The rule that I set myself was to complete one drawing an hour, while in active contemplation of maternity - whether my experiences of motherhood or more abstractly about maternity as a concept. These drawings were aided, while simultaneously made more challenging, by the location of the home and other situational limits and constraints: duration (one an hour), the page, two colours, being at home on the floor of my front room, the unplannedness.
Over the 24 hours I was interrupted on numerous occasions. During child waking hours I was interrupted by my keen audience, with the sounds of cartoons, fighting, laughing and the general hullaballoo of everyday family life. At night, it was silent, lonely and cold as I sat on the floor. It was physically gruelling and mentally challenging. This is staying awake all night, and not how I have done it before while I have been in the adrenaline throes of labour, or a drug-induced all-nighter – both stimulating events that force hyperness. But these drawings are perhaps hyper:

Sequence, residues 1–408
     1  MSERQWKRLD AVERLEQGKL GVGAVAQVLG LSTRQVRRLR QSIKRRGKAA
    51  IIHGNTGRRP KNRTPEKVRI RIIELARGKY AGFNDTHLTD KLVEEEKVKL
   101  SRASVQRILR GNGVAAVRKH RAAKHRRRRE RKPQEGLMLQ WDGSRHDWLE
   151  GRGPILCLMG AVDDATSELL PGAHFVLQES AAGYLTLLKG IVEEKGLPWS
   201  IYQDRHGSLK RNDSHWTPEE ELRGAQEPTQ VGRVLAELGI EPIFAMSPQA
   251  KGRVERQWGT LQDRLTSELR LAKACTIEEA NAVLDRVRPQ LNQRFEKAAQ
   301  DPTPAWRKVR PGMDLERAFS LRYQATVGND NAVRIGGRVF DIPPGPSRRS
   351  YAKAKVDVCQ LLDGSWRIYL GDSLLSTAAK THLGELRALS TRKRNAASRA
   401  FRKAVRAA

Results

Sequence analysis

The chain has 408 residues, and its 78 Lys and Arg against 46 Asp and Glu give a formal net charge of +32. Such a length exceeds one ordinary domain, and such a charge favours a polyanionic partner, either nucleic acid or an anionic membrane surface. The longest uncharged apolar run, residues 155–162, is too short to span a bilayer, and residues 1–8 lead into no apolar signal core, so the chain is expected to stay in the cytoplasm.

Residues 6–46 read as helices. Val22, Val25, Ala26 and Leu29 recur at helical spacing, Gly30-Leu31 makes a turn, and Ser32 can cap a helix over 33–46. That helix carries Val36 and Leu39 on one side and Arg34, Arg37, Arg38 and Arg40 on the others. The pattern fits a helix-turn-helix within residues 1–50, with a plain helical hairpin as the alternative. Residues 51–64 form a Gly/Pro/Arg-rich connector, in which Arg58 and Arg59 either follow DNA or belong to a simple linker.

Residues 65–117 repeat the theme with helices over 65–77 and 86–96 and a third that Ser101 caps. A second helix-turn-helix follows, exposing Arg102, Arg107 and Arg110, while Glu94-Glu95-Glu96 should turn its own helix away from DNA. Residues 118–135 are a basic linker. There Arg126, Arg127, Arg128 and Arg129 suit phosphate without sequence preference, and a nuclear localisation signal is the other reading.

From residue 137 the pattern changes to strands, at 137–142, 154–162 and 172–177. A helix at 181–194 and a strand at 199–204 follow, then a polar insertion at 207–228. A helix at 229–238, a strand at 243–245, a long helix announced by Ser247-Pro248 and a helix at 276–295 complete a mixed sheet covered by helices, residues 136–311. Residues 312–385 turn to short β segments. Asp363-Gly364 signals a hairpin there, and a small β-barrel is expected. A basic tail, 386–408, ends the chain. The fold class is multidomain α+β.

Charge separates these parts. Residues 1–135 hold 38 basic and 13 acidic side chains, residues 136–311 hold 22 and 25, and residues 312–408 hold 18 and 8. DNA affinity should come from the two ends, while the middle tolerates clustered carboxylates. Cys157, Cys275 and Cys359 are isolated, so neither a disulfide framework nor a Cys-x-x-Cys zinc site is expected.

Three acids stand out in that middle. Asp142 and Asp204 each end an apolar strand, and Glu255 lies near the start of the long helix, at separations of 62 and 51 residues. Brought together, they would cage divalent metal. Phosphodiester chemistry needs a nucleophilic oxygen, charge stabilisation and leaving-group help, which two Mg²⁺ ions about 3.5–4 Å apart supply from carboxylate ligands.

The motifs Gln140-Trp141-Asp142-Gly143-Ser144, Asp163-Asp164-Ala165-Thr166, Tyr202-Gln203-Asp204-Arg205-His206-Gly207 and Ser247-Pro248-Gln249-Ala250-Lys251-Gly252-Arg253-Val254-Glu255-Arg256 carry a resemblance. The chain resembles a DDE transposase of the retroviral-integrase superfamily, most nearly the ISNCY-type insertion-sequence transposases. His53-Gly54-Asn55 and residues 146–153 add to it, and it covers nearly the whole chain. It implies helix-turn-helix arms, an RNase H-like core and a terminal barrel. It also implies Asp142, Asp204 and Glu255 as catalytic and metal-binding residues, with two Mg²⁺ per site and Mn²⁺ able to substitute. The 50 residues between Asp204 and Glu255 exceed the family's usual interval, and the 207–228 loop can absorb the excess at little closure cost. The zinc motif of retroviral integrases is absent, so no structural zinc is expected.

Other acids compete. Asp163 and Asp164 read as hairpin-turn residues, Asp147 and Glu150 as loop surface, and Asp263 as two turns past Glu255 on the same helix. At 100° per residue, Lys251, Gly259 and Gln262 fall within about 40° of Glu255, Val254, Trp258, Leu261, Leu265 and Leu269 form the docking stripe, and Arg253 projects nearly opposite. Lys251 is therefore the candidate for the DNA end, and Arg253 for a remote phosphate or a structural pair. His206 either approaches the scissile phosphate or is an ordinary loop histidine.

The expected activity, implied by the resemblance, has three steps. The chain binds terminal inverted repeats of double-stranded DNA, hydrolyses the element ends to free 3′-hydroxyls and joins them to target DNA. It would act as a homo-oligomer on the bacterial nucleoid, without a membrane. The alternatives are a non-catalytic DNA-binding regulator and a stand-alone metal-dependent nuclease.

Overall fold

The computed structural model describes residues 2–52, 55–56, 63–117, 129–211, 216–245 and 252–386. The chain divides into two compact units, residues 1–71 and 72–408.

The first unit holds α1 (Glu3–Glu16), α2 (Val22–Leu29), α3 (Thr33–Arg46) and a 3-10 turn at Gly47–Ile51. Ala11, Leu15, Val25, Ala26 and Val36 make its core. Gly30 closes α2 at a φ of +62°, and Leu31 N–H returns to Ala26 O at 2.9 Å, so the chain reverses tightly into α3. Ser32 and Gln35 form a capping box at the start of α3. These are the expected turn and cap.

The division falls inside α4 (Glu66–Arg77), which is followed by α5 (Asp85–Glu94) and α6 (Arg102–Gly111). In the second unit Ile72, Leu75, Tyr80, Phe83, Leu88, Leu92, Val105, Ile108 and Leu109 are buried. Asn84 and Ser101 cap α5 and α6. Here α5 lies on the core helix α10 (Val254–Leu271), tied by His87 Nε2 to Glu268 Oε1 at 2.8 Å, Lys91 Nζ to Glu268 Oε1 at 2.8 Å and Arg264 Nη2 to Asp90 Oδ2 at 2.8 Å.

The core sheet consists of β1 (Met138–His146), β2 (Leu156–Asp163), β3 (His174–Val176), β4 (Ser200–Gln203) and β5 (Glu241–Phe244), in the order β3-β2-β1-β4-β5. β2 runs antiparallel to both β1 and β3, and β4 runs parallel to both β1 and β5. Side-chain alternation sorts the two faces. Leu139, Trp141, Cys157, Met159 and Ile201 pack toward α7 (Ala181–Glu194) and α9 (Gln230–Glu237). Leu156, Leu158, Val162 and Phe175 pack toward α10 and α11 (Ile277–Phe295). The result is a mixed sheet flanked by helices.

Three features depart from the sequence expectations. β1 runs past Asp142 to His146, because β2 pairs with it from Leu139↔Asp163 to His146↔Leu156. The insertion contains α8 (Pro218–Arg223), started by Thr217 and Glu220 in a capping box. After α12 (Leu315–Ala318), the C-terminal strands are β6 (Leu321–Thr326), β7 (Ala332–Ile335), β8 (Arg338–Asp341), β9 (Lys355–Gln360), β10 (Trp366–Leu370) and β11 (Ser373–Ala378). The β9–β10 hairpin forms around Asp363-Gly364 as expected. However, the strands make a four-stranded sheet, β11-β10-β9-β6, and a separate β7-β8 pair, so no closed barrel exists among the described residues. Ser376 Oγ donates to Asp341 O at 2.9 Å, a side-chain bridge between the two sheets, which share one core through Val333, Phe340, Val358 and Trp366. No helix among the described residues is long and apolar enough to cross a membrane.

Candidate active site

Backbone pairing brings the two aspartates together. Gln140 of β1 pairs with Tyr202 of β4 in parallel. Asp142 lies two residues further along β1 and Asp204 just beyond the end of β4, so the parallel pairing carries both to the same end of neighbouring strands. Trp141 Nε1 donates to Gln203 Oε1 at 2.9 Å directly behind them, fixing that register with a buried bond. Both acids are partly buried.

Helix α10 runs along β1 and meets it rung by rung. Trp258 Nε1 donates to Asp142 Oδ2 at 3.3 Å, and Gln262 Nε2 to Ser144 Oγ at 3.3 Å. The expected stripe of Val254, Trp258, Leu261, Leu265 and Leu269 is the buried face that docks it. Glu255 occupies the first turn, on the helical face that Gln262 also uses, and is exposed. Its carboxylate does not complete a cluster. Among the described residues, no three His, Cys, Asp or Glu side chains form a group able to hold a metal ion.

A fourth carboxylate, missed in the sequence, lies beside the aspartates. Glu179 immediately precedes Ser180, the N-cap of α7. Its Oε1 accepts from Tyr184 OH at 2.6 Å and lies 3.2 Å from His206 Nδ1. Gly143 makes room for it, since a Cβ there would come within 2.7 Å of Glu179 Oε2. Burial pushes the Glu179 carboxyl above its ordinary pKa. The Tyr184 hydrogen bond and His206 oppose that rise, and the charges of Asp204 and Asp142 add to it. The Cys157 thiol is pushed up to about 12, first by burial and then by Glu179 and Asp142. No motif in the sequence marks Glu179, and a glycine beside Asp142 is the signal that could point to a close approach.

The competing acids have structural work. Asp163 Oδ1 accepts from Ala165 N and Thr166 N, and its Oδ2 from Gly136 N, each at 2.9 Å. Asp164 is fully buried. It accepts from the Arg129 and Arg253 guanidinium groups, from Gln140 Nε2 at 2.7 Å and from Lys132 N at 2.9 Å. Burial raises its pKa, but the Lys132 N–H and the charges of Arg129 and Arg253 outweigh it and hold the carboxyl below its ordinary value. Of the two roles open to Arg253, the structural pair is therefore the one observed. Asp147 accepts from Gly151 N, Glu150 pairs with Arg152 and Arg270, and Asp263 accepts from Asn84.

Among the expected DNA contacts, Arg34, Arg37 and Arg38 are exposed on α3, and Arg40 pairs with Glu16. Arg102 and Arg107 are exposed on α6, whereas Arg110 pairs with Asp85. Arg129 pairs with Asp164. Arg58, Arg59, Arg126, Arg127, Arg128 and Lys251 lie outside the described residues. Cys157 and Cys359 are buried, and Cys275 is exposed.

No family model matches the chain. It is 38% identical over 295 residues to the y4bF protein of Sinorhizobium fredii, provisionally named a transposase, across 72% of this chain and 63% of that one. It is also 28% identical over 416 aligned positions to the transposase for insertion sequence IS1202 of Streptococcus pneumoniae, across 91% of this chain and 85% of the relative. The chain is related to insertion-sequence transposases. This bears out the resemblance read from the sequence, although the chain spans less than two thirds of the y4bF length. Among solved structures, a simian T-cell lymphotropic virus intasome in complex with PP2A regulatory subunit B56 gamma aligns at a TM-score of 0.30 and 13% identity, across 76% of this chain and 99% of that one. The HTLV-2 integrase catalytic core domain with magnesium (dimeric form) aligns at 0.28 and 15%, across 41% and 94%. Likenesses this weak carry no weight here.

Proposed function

there is another drawing that emerges in the absence of any antecedent stimulus or provocation; which does not follow, but is initiated instead in the hope of making manifest that which could not have been conceived of at the outset not planned in advance. In doing and being so, this drawing draws on – by making a demand on – the observable world nor on the powers of the imaginary, but simply attempts to bring forth, make appear. This is not about defining itself as autonomous activity, of establishing the limits of its own specificity. Rather, in withdrawing from the pressures of representing something else, drawing attempts to contemplate the terms of its own coming into being, performed as the infinitely reflexive loop of drawing drawing itself drawing.